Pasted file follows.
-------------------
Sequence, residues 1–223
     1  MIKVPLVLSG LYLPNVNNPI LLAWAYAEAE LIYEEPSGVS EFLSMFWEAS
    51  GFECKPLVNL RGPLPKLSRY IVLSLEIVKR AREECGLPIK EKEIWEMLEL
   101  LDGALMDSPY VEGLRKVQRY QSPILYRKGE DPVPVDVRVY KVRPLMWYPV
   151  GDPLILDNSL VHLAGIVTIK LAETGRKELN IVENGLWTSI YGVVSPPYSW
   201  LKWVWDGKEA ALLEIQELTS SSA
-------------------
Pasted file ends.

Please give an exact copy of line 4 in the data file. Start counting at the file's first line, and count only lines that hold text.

   101  LDGALMDSPY VEGLRKVQRY QSPILYRKGE DPVPVDVRVY KVRPLMWYPV